testants. The prince of Orange retired into Germany; the Protestants forsook the Low Countries in crowds, to avoid persecution, and fled to Embden and other places. "The gallows were full of dead bodies, and Germany full of refugees." In the town of Tournay, the estates of above a hundred rich merchants were confiscated; many reformed ministers were put to death; the churches of the Protestants were pulled down; and in some places, especially in Flanders, the beams of their churches were made use of to hang those who had built them. The duke of Alva, of infamous memory, arrived with an army. The counts of Egmont and Horn, and other persons of eminence, were thrown into prison. This so increased the terror of those who favoured the Reformation, that, together with those who had already fled, above 120,000 are said to have forsaken their country. Notwithstanding this, the duke of Alva and his "bloody court," delivered, in a very short time, 1800 people, of both sexes and of all ages, into the hand of the executioner; and the rage and cruelty of the inquisitors exceeded every thing that had been known even among the heathen persecutors. It was by them proposed to the king, and approved by him, that all the inhabitants of certain provinces, except those whose names had been sent to them, should be declared heretics, or abettors of heresy, and be considered as guilty of high treason; and particularly the nobles who had petitioned against the Inquisition.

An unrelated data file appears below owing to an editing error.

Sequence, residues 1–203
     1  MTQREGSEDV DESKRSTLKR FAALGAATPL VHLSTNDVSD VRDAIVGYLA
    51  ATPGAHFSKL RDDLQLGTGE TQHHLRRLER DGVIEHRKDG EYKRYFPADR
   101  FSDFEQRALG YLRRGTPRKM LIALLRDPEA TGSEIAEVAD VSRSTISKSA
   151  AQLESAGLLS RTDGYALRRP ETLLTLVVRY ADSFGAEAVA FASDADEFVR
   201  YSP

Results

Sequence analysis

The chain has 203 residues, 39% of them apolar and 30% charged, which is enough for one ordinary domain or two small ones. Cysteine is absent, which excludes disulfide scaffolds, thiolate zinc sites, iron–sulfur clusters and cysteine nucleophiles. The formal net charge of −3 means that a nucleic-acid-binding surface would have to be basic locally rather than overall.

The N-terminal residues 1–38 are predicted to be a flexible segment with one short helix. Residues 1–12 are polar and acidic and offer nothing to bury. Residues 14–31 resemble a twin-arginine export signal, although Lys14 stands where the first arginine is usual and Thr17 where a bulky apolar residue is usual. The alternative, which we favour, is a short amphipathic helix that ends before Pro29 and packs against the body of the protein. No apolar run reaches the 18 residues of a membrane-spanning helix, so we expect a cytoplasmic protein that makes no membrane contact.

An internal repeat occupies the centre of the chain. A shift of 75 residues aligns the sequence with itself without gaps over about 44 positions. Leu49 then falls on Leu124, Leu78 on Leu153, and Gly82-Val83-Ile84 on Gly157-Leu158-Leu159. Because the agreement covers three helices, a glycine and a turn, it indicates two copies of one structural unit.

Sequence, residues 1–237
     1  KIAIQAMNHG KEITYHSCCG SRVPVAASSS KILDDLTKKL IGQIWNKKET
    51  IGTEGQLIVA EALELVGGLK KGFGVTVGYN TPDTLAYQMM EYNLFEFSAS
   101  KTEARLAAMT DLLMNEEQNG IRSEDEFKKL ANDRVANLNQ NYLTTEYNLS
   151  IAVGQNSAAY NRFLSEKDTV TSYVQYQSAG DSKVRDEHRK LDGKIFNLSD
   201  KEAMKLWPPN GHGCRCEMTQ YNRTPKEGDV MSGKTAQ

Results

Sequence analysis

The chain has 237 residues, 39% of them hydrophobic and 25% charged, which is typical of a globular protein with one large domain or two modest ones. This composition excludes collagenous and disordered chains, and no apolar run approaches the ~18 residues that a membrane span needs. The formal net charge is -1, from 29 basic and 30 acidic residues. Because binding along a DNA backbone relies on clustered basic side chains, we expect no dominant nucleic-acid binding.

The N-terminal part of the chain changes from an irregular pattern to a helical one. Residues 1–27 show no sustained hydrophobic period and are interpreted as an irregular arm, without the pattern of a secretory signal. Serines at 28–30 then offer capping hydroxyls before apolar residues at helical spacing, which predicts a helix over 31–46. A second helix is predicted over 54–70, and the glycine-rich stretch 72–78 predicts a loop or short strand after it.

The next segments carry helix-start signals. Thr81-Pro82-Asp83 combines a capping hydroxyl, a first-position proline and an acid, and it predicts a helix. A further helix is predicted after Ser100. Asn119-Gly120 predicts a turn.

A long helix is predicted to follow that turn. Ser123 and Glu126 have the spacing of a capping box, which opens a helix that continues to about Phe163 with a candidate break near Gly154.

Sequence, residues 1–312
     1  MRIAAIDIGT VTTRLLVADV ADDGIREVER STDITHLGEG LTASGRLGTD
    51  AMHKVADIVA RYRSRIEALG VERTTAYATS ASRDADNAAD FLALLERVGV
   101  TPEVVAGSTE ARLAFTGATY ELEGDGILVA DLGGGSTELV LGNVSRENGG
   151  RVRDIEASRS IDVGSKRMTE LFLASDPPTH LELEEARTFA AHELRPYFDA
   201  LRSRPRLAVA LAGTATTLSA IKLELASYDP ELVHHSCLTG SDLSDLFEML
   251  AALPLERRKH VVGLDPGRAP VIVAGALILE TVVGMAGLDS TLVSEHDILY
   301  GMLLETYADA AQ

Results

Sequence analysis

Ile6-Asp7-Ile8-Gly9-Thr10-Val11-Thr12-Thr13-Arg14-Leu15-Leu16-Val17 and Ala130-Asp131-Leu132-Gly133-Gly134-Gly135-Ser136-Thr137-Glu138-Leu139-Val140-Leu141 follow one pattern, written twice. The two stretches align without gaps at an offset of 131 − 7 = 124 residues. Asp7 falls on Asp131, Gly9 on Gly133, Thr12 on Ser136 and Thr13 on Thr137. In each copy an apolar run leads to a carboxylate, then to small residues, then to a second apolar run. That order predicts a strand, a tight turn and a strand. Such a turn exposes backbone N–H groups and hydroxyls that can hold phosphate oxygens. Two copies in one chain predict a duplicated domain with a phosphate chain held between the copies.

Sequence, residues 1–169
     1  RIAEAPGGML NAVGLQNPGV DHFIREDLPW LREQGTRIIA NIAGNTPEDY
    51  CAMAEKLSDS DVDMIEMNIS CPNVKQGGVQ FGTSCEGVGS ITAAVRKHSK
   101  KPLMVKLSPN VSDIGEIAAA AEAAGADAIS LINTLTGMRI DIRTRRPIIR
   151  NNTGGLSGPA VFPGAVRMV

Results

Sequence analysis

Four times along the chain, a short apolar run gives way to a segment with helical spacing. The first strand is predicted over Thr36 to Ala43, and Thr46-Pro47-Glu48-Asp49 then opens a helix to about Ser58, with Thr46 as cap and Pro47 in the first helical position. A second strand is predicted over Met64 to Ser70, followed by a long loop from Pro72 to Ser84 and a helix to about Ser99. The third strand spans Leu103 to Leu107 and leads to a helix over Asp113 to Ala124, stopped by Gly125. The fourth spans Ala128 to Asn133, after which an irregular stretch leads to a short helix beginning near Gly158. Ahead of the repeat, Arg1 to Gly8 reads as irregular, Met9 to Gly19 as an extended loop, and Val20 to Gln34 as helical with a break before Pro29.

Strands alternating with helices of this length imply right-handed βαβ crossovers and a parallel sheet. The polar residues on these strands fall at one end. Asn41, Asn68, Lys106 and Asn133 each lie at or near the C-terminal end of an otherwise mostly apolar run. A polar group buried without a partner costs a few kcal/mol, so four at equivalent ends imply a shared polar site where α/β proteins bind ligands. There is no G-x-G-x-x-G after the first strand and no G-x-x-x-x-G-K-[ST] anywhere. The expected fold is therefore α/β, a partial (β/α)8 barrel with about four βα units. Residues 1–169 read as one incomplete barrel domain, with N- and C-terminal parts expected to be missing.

It was in these dreadful circumstances, that the prince of Orange undertook to relieve his native country, and made great levies of men in the states of the German Protestants, and among the refugees. This excited, more than ever, the fury of the persecutors on their helpless victims; and without abating the persecution, the horrors of a civil war, by sea and land, were added to the sufferings of the Low Countries. The prince of Orange ordered the Roman Catholics every where to be protected, as well as all other sects, in the liberty of conscience; but it was impossible, on many occasions, to check the fury of his followers, when successful in the field, and some most unchristian scenes. of revenge and of wanton cruelty were witnessed. The king of Spain, when it was too late, became convinced that his extreme severity had been prejudicial to his interests. The duke of Alva was recalled in 1573. This monster boasted," that he had delivered into the hands of the executioners above 18,000 heretics and rebels, without reckoning those who died in the war." This civil war in the Low Countries, of which the Reformation in Germany was the occasion, raged for several years, and ended in the